Government servants are stealing from innocent people, again.
The fact that it is legal to seize people’s belongings before they are convicted, or, even before a case has been built against them or charges brought, is egregious indeed. In Tennessee, lawmakers want to reduce police agencies’ ability to seize cash and vehicles without actual criminal convictions. Those in law enforcement are up in arms about this move to protect the rights of the people.
From The Times Free Press
A 2010 state Comptroller audit led to the indictment of a West Tennessee drug task force director and his assistant on theft charges.
Bell said during Monday’s hearing the current law “subjects some of our citizens to forfeiture when they did absolutely nothing wrong.”
The legislature is moving that this type of seizure be curbed for the protection of the people and to uphold the standard of “innocent until proven guilty.”
The Times Free Press included this quote from the Knoxville Police Chief which is telling of law enforcement’s attitude:
“It seems that many in our country are jumping on knee-jerk reactionary bandwagons that are the result of isolated incidents that may get misrepresented,” Rausch said.
Removing this ability to “impact crime in our state because of a few bad apples would be a travesty,” he said. “It would make Tennessee a haven for criminal gangs and a hub for criminal enterprise.”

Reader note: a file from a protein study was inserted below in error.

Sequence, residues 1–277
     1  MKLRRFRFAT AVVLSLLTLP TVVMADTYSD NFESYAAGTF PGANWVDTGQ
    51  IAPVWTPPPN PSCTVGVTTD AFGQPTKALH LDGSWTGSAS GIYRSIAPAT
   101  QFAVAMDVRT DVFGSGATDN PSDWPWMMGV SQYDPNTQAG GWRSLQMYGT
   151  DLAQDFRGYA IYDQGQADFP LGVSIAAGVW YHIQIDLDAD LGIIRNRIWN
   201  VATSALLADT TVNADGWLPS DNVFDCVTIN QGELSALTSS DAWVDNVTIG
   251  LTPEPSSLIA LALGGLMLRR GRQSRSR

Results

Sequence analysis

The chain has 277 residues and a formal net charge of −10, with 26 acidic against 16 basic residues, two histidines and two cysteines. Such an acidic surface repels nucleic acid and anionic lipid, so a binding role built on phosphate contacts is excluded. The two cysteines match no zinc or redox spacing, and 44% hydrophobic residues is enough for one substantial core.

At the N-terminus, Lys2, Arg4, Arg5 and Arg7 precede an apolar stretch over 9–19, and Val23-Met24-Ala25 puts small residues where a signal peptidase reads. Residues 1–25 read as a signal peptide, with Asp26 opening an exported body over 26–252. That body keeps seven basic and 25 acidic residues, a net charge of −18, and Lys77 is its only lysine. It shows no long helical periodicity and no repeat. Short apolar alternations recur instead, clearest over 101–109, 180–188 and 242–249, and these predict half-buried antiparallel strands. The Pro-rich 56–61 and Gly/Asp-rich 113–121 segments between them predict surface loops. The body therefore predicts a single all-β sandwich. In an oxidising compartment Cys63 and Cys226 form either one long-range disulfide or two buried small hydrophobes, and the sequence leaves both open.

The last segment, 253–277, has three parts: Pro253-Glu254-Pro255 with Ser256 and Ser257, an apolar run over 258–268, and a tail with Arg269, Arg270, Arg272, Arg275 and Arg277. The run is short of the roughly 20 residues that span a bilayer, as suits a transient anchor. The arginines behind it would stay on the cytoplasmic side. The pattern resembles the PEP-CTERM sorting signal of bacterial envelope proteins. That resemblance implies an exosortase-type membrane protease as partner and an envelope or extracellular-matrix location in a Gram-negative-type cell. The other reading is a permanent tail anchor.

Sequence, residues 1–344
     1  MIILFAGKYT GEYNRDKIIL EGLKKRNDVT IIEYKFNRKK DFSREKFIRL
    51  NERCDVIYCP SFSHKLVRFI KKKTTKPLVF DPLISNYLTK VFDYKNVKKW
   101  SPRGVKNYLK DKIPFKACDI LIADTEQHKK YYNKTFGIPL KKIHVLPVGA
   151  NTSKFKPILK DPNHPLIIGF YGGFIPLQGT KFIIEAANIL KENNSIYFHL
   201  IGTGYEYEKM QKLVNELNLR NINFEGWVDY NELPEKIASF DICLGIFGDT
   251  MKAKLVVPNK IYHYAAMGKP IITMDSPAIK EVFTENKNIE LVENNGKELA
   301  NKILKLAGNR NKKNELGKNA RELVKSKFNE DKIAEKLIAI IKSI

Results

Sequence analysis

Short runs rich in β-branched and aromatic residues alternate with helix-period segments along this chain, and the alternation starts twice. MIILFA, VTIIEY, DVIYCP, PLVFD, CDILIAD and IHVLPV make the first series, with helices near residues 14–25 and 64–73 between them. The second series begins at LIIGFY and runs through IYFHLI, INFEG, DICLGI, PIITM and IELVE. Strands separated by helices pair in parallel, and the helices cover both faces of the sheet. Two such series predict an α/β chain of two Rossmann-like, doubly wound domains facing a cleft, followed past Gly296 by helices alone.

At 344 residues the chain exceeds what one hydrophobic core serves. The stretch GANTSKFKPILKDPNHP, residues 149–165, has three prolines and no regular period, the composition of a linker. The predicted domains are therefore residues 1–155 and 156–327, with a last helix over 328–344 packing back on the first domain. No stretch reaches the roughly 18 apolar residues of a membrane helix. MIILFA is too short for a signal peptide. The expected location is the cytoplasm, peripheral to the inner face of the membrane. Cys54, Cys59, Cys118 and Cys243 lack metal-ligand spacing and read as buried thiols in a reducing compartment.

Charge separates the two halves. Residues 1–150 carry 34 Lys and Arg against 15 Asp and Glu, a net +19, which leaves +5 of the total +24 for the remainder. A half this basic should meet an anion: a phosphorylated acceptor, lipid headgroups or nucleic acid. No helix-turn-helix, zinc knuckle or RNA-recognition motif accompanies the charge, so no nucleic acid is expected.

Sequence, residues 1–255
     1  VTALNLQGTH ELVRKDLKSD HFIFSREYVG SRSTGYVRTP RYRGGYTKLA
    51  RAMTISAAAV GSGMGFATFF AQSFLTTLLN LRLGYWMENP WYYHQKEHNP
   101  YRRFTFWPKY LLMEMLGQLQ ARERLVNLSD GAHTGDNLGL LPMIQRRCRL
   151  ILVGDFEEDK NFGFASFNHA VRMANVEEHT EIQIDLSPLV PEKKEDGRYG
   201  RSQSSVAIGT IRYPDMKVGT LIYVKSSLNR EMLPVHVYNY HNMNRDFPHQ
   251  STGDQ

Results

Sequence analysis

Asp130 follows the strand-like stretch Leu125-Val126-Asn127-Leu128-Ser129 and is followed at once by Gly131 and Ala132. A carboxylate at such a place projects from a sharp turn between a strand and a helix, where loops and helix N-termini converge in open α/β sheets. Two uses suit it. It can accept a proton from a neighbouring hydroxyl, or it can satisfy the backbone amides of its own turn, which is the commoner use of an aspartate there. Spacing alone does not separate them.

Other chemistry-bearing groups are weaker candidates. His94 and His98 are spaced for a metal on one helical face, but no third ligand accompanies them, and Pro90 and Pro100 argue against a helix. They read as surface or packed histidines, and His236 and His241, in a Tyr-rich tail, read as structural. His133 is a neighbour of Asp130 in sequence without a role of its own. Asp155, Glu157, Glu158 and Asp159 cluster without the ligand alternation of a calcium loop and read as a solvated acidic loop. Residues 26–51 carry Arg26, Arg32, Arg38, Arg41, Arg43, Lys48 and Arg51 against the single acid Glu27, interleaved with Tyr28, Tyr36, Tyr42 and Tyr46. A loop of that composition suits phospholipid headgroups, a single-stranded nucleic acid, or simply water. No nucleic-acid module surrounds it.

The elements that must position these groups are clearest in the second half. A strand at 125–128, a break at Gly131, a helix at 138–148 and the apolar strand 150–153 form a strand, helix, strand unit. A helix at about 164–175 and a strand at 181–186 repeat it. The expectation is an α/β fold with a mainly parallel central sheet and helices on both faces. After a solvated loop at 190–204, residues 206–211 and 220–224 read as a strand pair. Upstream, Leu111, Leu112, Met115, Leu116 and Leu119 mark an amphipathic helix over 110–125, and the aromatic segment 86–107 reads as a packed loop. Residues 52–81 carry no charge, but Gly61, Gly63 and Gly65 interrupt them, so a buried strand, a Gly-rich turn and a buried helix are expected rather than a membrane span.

He really doesn’t seem to comprehend the problem this practice presents for citizens.
More of the story from The Times Free Press:
Senate Judiciary Committee Chairman Brian Kelsey, R-Germantown, wanted to know why money from those seizures doesn’t revert to a local government’s general fund just as money does when the Tennessee Attorney General’s office wins a multimillion settlement with, say, a pharmaceutical manufacturer dinged for illegal practices.
Shelby County prosecutor Jones rejected that, scoffing that it would subject police agencies, which are a part of government, to what he called “governmental red tape.”
Kelsey wasn’t impressed.
“You would call it that,” the chairman told Jones. “But we would call it the legislative process.”
Greed is motivating the police, and the basic sin of selfishness is at the core of this rush to take what belongs to others. But why should this surprise us when we consider the example set for them by the IRS?